Fine cars they may be, but I have no wish to spend my time inside one. MB seem to have lost all sense of aesthetic good manners.

16 March 2016
Silly and grotesque. 4.7m long, high and wide, yet it sounds as if it can't sit 4 people in comfort. This is not a sports coupe, which compromises packaging for better dynamics and prettier looks for the rest of us to enjoy. This will almost certainly drive worse than the equivalent C class. When will it all stop?

16 March 2016
You really need to sit inside a new Mercedes to appreciate the quality, design and attention to detail.
I am not just talking about the S-class which always raises bar at what the ultimate luxury car should be and gives us the most technologically advanced features in any automobile, but Mercedes drastically improved the interiors across their vehicle line up starting with the 2014 C-class.
The controls, buttons and switchgear move and operate with precision and a quality feel. Many parts are dampered and move ever so smoothly and gracefully.
From the beautifully detailed hooded gauges, to the knurled alloy knobs and switches which is a tactile delight, to the finely crafted wood or carbon fibre trim (the open pore wood is stunning), to the ambient night lighting, the attention to detail is amazing and something you can't compare to any other luxury car company. Take a look at the alloy speaker grilles on the upgraded stereo system, they are as beautiful to look as it is to feel, just like a piece of jewellery.

If anything, BMW's and Audi's interior are staid, dated and unremarkable in comparison, while Lexus' and Infiniti's interior styling lacks elegance and cohesion.
And American luxury car makers like Cadillac and Lincoln still can't get their quality and refinement right.

Mercedes styling and design inside and out may not be flashy but it is elegant, tasteful and thoughtful which will surely stand the test of time which Mercedes is known for.

I think the inside of the car is just as important, if not, more important than the outside as you spend most of the time behind the wheel and I think Mercedes really created a very pleasant, ergonomic and comfortable place to be in.
I may sound like an advertisement but I own a late model Mercedes and love it and will definitely purchase another one.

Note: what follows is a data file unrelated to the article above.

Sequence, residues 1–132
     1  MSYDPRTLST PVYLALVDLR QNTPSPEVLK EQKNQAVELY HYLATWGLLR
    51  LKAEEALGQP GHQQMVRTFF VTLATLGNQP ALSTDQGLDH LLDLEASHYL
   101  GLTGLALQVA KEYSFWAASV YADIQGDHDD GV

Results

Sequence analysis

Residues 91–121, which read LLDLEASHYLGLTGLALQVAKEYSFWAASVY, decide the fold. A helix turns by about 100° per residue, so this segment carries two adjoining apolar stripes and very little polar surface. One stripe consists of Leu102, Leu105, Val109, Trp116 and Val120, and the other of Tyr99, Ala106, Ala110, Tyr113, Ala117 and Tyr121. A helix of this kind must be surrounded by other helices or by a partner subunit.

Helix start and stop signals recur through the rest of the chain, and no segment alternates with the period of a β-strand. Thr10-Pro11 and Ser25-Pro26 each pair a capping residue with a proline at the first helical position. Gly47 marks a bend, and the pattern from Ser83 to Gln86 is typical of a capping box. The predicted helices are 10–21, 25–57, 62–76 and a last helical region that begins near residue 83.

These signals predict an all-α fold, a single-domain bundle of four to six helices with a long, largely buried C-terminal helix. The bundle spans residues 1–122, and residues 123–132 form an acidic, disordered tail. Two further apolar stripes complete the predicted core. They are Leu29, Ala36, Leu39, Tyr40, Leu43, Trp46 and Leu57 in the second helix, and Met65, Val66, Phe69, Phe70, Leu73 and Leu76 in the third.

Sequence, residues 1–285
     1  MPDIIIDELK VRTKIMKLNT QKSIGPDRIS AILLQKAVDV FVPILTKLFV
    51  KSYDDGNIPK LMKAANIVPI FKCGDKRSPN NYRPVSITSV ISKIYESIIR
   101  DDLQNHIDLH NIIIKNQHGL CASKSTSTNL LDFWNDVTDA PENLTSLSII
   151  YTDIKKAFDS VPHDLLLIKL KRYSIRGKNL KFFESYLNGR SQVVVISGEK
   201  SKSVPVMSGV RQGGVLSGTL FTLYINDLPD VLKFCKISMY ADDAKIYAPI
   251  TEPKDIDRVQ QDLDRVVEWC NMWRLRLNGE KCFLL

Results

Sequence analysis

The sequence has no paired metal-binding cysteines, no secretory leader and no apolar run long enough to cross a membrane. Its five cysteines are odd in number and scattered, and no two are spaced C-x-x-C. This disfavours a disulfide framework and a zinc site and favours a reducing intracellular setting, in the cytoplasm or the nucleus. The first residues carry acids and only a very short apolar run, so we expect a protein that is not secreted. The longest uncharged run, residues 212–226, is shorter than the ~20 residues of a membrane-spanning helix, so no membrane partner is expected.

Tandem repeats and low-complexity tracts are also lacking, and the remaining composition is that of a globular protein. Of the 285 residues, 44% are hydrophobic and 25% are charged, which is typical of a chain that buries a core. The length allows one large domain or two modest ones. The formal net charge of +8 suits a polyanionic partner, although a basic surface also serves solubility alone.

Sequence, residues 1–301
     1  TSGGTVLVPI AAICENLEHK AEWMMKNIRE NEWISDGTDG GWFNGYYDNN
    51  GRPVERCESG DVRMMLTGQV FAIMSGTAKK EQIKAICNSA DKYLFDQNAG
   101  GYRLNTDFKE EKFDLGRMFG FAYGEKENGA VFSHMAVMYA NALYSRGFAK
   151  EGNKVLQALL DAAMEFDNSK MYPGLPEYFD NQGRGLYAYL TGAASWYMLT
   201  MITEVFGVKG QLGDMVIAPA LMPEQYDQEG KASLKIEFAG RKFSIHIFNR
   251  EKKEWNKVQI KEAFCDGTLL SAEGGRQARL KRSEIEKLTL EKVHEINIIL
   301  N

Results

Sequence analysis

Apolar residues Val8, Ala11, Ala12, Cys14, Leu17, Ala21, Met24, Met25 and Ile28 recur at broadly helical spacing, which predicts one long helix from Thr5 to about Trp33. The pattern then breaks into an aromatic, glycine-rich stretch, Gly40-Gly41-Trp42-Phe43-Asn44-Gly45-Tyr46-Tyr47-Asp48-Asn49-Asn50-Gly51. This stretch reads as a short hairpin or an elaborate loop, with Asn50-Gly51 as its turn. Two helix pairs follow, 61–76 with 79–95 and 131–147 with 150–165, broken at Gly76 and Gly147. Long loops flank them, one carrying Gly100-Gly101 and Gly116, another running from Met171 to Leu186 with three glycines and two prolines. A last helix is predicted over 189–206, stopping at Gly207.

16 March 2016
OK OK I get your drift.

16 March 2016
I sat in several recent cars in the MB experience centre in Surrey. The interiors especially in the higher spec cars are ergonomically sound but sensual and feel nice. They certainly offer a point of difference from rational Audi's and BMW's.


16 March 2016
...that's one hell of a stutter.

16 March 2016
I get your drift too. There is material attention to detail and aesthetic attention to detail. While I agree that current Mercedes (A class apart) are far better put together than their 90s equivalents, and that the interiors are very fine indeed, there is still the question of exterior design. Model after model there are fussy detailing and awkward proportions which I find very disappointing after MB under Bruno Sacco and, before him, Paul Bracq.


16 March 2016
Agree abkq, totally.
Exterior styling is now fussy and bordering on tacky with models such as E-classe now covered in random strips of chrome resembling a fairground lorry.
I agree the interiors have vastly improved...My GL 500 has a beautiful interior particularly with the combination of Cream leather and wood, BUT I hate the latest fad of the I-Pads perched on the dash rather than integrated into the dash. Yes it is easier to read while driving but not necessary when navigating due to the voice commands.

16 March 2016
I'm guessing that those who like the interiors of MBs like a bit of bling. I find them tasteless and fussy. Yes, they're well put together, but they are no better than the exteriors in terms of aesthetics, but I guess aesthetics is a game MB gave up on a good while ago.

17 March 2016
Saw A GLE recently - it was parked next to an old E-Class and totally dwarfed it. This was in Central London. The grotesque scale of the thing (especially seen from a pedestrian's pov) was scary! How did we get to this point??